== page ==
“There were instances of prolonged detention among single adults, but conditions were not overcrowded; detainees had room to sit or lie down. We verified accessibility to water, food, toilets, sinks, basic hygiene supplies, and bedding.” On the other hand, “providing interpreters for a diverse population throughout the detention process is difficult,” and Customs and Border Protection “is dependent on other [Homeland Security] components and Federal agencies to limit the duration of detention.”

Tommy Hough’s $2000 omission

Democrat Tommy Hough, running for the Sixth District San Diego city council seat being vacated by termed-out Republican Chris Cate, has been hit with a $2000 fine by the city’s ethics commission for campaign violations during his failed 2018 challenge of the incumbent. Per a stipulated agreement approved by the commission February 10, consultants hired by ex- 91X morning-show DJ Hough’s campaign committee “prepared three different scripts that were used by both paid staff and volunteers when making campaign telephone calls.

Tommy Hough: cited for sloppy staff script slip.

The scripts all included an ‘on behalf of’ disclosure, the correct disclosure for a volunteer making calls; however, paid staff also made calls, and none of the scripts contained the ‘paid for by’ disclosure that paid staff was required to use. Callers were instructed to read directly from the scripts.” Exacerbating the problem, the document says, was the committee’s “failure to maintain records regarding the total number of calls made by paid staff,” thereby preventing ethics “commission staff from determining how many calls were made using the wrong disclosure.” In another February 10, the county Democratic Party agreed to pay a $500 fine for failing to “maintain the records of the exact number of pro-Hough door-hangers it distributed during the campaign.”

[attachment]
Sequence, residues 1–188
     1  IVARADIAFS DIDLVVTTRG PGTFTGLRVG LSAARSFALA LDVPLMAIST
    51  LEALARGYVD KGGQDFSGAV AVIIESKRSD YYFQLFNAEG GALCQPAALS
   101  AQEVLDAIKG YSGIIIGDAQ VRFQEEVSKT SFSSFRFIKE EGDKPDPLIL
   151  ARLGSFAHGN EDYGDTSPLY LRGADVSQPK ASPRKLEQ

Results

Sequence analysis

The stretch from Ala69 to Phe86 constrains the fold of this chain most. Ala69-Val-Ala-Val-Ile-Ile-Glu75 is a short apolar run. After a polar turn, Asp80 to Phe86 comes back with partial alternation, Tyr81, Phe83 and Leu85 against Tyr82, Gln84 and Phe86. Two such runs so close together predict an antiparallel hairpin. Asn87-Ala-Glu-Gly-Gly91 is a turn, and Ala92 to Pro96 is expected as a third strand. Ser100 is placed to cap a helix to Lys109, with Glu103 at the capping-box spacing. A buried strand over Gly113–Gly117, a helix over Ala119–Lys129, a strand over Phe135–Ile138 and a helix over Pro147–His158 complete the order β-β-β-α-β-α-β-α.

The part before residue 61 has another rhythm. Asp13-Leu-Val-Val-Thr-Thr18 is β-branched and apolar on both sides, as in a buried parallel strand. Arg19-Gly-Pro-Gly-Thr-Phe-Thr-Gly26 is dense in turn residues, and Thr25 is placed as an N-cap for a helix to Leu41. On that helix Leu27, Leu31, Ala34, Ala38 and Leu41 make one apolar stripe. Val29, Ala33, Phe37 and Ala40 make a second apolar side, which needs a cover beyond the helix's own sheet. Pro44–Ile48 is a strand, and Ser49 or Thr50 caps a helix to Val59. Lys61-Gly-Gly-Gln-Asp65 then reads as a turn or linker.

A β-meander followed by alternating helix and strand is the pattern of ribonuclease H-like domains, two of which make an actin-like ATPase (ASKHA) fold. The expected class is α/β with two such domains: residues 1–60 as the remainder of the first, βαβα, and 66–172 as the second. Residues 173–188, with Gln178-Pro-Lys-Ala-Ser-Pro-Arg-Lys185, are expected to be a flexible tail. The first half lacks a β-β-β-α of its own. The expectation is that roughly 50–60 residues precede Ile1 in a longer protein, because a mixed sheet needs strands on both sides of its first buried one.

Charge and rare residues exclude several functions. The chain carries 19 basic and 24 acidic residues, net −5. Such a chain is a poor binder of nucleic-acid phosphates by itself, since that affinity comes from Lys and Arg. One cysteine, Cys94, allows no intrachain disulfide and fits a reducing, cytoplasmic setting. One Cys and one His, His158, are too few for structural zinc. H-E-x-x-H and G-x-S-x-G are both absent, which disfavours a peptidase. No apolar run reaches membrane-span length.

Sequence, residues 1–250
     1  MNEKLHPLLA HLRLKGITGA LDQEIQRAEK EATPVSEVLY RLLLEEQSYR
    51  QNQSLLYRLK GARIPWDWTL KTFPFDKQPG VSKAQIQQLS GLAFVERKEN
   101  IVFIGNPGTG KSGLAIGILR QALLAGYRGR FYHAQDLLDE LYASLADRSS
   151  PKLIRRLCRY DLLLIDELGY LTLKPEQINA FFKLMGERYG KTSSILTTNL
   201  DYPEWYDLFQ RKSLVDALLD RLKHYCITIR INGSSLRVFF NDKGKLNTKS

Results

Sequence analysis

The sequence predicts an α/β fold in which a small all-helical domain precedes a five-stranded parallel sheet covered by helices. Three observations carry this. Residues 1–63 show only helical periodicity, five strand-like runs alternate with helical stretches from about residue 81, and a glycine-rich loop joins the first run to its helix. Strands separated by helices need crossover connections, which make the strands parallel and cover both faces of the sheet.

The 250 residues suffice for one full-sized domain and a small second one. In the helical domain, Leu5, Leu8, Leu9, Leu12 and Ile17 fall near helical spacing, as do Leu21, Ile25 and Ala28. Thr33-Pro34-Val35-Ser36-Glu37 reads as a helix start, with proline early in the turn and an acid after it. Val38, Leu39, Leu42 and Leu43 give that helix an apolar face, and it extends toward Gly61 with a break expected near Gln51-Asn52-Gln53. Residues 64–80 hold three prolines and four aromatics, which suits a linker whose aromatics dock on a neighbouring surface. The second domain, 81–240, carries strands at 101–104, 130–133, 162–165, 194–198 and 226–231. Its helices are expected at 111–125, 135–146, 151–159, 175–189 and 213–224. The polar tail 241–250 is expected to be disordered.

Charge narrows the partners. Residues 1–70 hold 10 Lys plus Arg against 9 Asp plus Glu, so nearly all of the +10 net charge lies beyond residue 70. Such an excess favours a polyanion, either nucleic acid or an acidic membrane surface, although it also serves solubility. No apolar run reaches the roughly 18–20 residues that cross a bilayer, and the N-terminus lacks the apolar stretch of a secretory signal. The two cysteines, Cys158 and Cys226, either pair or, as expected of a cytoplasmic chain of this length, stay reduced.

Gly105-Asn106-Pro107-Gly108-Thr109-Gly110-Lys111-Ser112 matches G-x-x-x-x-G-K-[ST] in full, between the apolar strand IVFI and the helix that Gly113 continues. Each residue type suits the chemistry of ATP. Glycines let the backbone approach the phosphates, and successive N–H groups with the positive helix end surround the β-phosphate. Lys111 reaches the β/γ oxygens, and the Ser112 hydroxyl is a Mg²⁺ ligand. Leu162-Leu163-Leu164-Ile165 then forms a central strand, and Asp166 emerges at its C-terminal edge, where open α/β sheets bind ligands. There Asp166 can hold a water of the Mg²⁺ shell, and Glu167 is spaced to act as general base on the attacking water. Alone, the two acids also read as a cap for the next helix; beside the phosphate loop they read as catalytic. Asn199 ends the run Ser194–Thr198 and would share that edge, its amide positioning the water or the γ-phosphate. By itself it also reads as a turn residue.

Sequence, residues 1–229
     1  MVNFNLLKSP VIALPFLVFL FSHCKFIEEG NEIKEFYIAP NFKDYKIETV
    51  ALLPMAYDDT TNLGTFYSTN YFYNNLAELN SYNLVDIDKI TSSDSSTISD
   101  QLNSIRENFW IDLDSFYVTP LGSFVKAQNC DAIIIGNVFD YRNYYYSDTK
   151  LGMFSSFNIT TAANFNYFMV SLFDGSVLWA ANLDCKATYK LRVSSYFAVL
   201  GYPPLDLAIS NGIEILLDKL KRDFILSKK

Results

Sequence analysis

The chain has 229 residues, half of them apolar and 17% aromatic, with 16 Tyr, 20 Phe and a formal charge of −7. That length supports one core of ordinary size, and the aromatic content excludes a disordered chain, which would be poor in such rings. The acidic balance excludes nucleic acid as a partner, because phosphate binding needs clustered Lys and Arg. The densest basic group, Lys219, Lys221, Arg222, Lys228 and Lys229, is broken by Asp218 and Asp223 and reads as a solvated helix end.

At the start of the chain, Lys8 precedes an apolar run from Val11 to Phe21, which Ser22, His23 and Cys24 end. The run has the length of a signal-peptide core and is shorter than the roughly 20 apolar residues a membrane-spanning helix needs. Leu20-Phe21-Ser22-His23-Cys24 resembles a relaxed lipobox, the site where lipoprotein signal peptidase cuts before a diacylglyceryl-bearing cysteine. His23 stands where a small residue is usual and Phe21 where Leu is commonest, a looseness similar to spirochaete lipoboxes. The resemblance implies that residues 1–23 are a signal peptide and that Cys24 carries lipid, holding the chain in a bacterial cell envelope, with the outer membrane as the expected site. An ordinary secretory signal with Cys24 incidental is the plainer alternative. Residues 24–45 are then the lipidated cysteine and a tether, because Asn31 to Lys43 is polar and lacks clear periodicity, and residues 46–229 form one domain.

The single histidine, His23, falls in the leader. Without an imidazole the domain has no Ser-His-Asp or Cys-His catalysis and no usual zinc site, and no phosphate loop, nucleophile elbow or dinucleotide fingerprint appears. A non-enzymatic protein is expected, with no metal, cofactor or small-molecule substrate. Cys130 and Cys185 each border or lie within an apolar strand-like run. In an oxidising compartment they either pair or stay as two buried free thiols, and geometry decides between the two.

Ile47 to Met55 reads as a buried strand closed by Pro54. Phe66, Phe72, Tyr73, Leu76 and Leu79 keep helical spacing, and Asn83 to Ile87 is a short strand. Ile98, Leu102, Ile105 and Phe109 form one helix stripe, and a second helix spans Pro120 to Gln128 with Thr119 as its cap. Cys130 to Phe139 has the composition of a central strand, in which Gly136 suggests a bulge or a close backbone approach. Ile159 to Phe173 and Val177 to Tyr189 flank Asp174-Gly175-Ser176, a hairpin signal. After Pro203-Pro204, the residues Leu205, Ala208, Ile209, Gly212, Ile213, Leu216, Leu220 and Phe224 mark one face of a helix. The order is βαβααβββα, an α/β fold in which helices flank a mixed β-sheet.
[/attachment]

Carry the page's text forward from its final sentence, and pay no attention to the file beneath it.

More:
— Matt Potter (@sdmattpotter)

The Reader offers $25 for news tips published in this column. Call our voice mail at 619-235-3000, ext. 440, or sandiegoreader.com/staff/matt-potter/contact/.

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“In December, the Facilities Commission hired New York-based Posillico Civil Inc. to haul the panels from San Diego to Eagle Pass at a cost of $2 million, according to the contract awarded to the engineering firm. The company finished the job earlier this month.”
“In December, the Facilities Commission hired New York-based Posillico Civil Inc. to haul the panels from San Diego to Eagle Pass at a cost of $2 million, according to the contract awarded to the engineering firm. The company finished the job earlier this month.”

Biden’s free bollards and chains

The state of Texas, reportedly gaining population at the expense of California, has received another gift by way of the Golden State: a February 15 Texas Tribune dispatch reports that 1700 unused segments of former President Donald Trump’s uncompleted border wall that had been stashed in San Diego have been declared surplus property and quietly shipped to Texas. The “32-foot-tall steel bollard panels,” the paper says, are to be used in building GOP Governor Gregg Abbott’s Texas-only border barrier. Per the account, “In December, the Facilities Commission hired New York-based Posillico Civil Inc. to haul the panels from San Diego to Eagle Pass at a cost of $2 million, according to the contract awarded to the engineering firm. The company finished the job earlier this month.”

Gregg Abbott welcomes costly California castoffs.

Francoise Luca, a spokesperson for the Texas Facilities Commission, told the paper that the segments are being watched over by the Texas National Guard at “a temporary and secured area” in heavily Trump Maverick County at the border with Mexico. The low-key move has some Texas-based critics mad at the current president. “The Biden administration is saying, ‘We won’t build these border walls, but if Abbott wants to build them, we will give him free bollards,’” Scott Nicol of McAllen was quoted as saying. “The problem with border walls isn’t who is building them, it is the devastation that comes when they are built.”